FORTUNE — There comes a point in every successful job interview when it’s time to talk money. The standard advice to job applicants has long been to play it coy.
John Challenger, CEO of outplacement firm Challenger, Gray, and Christmas, urges applicants to “let the employer name a salary first — it may be higher than you expect.” Penelope Trunk, founder of Brazen Careerist, advises that “the right answer to the question, ‘What’s your salary range?’ is almost always some version of ‘I’m not telling you.’”
This often leads to an uncomfortable, even adversarial, game of chicken. If that’s the sort of conversation you dread, here’s good news: there are better alternatives.
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A recent study out of the University of Idaho found that making a joke about a million-dollar salary actually increased subsequent offer amounts by more than 10%.
The hypothetical applicant in the study’s test scenario was an administrative assistant candidate who had listed her last salary as $29,000. When asked what salary she wanted in the new job, she either demurred or quipped, “Well I’d like a million dollars, but really I just want what’s fair.”
In the cases where the applicant declined to name any number, the average salary offer was about $32,500. When she joked about a million bucks, the average offer rose to almost $36,200.
The increase is a function of a psychological effect known as “anchoring.” “When we encounter a number — even an irrelevant number — we fixate on it, and it influences our judgment,” says Todd Thorsteinson, a psychology professor at the University of Idaho and the study’s author.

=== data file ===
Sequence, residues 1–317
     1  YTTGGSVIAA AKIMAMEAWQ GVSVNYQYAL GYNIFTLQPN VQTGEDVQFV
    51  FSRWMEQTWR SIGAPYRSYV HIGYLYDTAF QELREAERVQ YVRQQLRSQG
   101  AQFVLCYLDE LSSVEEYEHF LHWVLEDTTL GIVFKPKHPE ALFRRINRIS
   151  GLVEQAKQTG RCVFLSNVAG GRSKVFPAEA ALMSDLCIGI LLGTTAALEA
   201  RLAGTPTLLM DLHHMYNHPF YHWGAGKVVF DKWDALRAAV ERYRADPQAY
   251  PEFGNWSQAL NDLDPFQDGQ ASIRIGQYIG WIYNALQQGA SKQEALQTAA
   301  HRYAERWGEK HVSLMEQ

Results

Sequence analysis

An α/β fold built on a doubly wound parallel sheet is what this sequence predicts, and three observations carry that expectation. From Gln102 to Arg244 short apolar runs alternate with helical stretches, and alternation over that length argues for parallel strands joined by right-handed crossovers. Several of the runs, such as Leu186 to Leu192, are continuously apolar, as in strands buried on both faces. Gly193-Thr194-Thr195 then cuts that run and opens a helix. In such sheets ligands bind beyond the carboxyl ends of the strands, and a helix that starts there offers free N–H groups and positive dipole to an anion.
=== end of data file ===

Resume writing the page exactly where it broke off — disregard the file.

But before you start throwing numbers around, you should consider the potential for backlash. “In practice, if one’s negotiating partner opens with an offer that is too extreme, the most common response is to disengage from the negotiation,” warns Rachel Croson, professor of economics at the University of Texas at Dallas and director of the school’s Negotiations Center.
Participants in Thorsteinson’s study were not given the option to decline to hire the candidate, but were merely asked how much they would offer to pay her.
So should job applicants make a high-salary joke in hopes of increasing compensation?
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Only if you’re comfortable with the possibility that you might lose the job offer altogether, says Croson. Before recommending the strategy in general, she’d want to see a follow-up study that quantifies the level of risk involved — for example, “what percentage of interviewers would be turned off by the joke and choose to find a different employee.”
Being the first to talk numbers can still pay off, though. The standard advice — to dodge the question — ignores the very real effects of anchoring.
The key is information, says Croson, who has taught negotiation strategies to undergraduates, MBAs, and executives for 18 years. If an applicant knows the salary range for a given position and can name a number at or near the top of what a company is willing to pay, being the first to throw out a dollar figure is always to her advantage.
Challenger still prefers to play it safe. “Companies are all over the map,” he says. “The same position may pay 20% more or less, depending upon that company’s specific salary structure.”
But with company-specific salary data available from sites like Glassdoor.com, today’s job candidates have at least a fighting chance to set a high anchor and come out ahead.
Croson also recommends researching the culture of a corporation — is it individualistic and competitive? Then tough negotiation is fair game. In other environments, aggressive haggling won’t play as well.
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It’s important to remember, says Challenger, that “you’re negotiating with someone who may be your next boss, setting up a relationship for the future.”
Croson agrees. “Neither side wants to look like a jerk … or a creampuff,” she says.